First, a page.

We’re using a lot of the tools that everyone has talked about as well. I interestingly go back to the water cooler comment. We actually have created a water cooler hangout that is always live. So people will go into a Slack channel and say, hey I’m heading to the water cooler so we can do some real time sharing there. Little more personal than going into a Slack channel and just typing out. But we’ve also implemented things like podcasts. So sales interviews, you had a call, the call went well. What was different about it? So little to Megan, your point of keeping the sales team engaged. 15 minute vignettes of how did the cycle go, what were the things that you heard that were great, negative. Sharing more of how we’re sending out emails. What’s the message? How’s it changed? Who’s getting more opens? So Don, to the tools that you’re talking about relative to tracking, leveraging all of that data and sharing it much more extensively internally. We’ve also escalated our internal communications where we’re doing enablement calls multiple times a week. Those are all recorded and doing just some sanity checks across the sales team.

Jen Murphy:

It’s not just the tools that we’re using to understand what’s happening at the customer level, but ensuring that the team internally is feeling comfortable and engaged, and that they’re making strides forward as well.

Don Addington:

Does everybody here do some version of a stand up with their sales team? Not forecasting in nature, but just where you’re at, any helps, any themes, things like that. Is that something you guys all engage in?

Megan Buntain:

Yes.

Jen Murphy:

Yeah.

Mayank Tahilramani:

We have several stand ups actually. We’ve gotten a reoccurring company call that’s open invite, open door for the first 30 minutes at 8AM Pacific time. Sorry, that’s a group call. So one functional group, so one day it might be the product group. The other one is the engineering group. The next one might be [inaudible 00:31:12] group. First 30 minutes of that hour is a stand up. Anyone in the company can join, including sales. For example, if I’m having my monthly stand up or bi monthly standup, I’ll have a lot of sellers on that call asking questions and engaging. That’s when they can have a direct line of communication with the partner team or the product team to get some of their questions answered or provide feedback to customers. Then we’ve got a company stand up call, company announcements. It’s the second half of that one hour meeting on a separate Zoom call. Then we’ve got separately, just for the sales team, an optional [inaudible 00:31:45] enablement. 30 minute slot there to focus on a topic and talk about it. We’ve got several stand ups for different groups. That just helps us stay on the same page.

Jen Murphy:

We do a weekly company call. Then we narrow down into the different teams to have updates. Everything is published, so if you want to sit on a call, you have the ability to do that to learn about what’s happening with a different team. We also record everything and it’s accessible to the organization afterwards.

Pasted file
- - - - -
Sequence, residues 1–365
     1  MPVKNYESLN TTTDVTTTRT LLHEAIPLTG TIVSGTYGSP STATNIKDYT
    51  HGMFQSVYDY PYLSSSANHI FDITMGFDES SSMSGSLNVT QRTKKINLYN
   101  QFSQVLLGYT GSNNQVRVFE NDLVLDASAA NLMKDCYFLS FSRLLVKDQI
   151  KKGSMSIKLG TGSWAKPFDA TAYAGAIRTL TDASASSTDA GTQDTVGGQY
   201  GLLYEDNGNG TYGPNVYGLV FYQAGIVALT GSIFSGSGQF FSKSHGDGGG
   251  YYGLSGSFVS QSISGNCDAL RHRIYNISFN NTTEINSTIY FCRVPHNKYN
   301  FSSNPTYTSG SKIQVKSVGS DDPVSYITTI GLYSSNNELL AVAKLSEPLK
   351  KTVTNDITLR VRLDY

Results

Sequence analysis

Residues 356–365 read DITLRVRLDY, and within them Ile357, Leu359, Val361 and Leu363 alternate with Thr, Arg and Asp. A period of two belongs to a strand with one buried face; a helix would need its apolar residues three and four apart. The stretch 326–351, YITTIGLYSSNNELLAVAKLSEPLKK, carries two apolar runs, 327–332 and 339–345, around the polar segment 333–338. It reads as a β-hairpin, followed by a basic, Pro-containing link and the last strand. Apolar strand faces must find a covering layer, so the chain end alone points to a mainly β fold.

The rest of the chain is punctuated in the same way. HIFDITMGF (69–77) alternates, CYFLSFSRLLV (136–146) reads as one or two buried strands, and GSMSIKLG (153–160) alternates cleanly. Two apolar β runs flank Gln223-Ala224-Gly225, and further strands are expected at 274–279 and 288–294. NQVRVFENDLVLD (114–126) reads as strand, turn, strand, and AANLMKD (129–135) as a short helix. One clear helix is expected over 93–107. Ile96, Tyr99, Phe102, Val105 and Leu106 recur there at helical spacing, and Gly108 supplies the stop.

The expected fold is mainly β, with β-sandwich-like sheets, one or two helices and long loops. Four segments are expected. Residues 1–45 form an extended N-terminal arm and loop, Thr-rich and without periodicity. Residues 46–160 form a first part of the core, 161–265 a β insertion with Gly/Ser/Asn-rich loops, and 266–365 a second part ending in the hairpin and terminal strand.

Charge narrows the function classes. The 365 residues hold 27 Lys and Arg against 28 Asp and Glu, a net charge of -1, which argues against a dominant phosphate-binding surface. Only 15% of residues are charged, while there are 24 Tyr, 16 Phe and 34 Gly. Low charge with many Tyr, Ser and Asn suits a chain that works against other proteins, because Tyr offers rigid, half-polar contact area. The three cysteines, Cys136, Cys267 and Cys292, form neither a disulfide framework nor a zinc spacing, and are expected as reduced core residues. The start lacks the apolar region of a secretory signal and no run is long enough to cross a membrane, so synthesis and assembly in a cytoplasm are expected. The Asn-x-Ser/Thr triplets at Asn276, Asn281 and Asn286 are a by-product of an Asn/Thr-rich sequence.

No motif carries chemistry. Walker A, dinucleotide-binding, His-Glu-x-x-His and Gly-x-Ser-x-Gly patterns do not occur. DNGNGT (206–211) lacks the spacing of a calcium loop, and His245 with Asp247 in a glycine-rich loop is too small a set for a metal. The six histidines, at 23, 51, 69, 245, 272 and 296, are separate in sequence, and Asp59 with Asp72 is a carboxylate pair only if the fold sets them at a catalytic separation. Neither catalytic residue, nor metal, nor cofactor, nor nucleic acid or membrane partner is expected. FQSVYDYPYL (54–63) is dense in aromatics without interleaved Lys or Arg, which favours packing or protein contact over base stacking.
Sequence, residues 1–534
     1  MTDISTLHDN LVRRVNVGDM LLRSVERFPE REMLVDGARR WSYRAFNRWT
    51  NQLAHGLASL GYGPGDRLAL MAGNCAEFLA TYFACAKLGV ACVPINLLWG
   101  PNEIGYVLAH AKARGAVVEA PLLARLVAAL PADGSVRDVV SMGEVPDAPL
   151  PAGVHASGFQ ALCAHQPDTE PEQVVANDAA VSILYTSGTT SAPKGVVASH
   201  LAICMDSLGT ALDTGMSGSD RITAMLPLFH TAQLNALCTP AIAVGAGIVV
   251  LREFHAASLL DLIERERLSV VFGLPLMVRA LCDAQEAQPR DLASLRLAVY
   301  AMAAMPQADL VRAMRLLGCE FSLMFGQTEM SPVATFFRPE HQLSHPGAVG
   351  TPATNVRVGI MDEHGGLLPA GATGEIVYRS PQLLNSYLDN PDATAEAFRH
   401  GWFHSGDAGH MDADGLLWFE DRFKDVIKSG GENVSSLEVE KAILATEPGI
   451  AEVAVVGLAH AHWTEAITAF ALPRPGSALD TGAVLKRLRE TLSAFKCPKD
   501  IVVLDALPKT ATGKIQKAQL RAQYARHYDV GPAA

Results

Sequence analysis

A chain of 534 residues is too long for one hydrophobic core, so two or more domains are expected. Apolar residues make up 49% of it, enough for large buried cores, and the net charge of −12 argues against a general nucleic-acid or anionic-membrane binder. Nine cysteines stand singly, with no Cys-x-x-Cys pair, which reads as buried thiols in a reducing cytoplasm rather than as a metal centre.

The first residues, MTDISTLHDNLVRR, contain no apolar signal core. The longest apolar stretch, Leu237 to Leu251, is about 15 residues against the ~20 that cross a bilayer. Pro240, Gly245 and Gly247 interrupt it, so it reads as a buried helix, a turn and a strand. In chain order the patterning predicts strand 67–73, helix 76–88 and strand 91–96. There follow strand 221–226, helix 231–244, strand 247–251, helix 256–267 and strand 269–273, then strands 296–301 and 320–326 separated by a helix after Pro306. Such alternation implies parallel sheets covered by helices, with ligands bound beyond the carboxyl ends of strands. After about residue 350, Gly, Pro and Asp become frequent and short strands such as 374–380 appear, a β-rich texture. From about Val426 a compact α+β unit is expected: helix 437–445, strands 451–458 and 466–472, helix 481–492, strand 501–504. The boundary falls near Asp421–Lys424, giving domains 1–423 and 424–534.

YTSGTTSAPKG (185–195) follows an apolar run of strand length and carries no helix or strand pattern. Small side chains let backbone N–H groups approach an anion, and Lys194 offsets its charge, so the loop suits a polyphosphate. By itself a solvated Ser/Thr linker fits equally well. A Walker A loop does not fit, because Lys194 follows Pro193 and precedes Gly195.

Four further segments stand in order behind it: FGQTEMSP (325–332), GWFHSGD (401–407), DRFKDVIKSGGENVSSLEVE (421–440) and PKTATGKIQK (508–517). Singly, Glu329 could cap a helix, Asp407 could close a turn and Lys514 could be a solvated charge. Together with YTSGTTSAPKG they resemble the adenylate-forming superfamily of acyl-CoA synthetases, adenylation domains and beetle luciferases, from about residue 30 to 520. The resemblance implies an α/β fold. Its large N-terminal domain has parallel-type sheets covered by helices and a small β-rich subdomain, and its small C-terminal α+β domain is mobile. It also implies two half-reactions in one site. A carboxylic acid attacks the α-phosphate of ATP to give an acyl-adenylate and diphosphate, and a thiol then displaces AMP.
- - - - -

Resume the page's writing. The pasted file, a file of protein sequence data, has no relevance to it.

Don Addington:

My favorite new feature of my stand up call with my team, which we do on Fridays, is we created a blooper real from all of our Gong sessions. So we’ve got the funniest moments. There’s always something that went a little sideways or whatever. It’s a great way to share some funny experiences, but also at the end of the day, you’re usually learning from somebody’s mistake, whether it’s your own or somebody else’s.

Jen Murphy:

Do we all get to see that later Don?

Don Addington:

No. No. Maybe in a one on one.

Nicole Smith:

That’s going on our follow up email. Lots of good themes there around just the consistency of communication, documenting everything when people are remote. Being able to share that I think really came out in everyone’s answer. What about Cloud marketplaces and talking about that? Because that’s a channel I know everyone is utilizing for sales, as we talked about in the introductions. That’s still new. It’s still really an emerging channel. We’re in the early innings of that. What attracted everyone to this channel? What success have you seen through it since you started?

Megan Buntain:

I’ll jump in. First, this wasn’t planned but I do have to talk about how Tackle changed our experience in getting to the Cloud marketplaces. So we had started with a Cloud marketplace publishing our listing and had been at it for three or four months. It requires investment and a lot of learning on a lot of fronts. Finally on the fifth month, the team at the Cloud provider we were working with said, we saw some of these things. There’s this group Tackle. Within a week with Tackle, we had made more progress than the previous five months and were very, very fast to marketplace. Then once we had done that heavy lifting and understood our offering and what we’re trying to do in the first marketplace, it was easier and much faster to market in the second marketplace. So we’ve been in two Cloud marketplaces within the last seven or eight months.

Megan Buntain:

What attracted us to this channel, first and foremost, we have and many software companies I’m sure have this. We have strategic alliances with Cloud providers. They are creating value for customers in searching for software applications and the procurement of those applications, and the ability in some cases to leverage third party software costs to decrement, or to count towards a larger commitment to the Cloud provider on their consumption requirements for enterprise customers. So that package of value to customers was really part of A, a partnership we wanted to have. Secondly, for us really specifically, it does two things. One is it just simplifies procurement at the basic level, especially with new customers. So as we go and expand into new markets, drive with our channel into new customer acquisition, then you really leap frog over with a customer setting up a new vendor.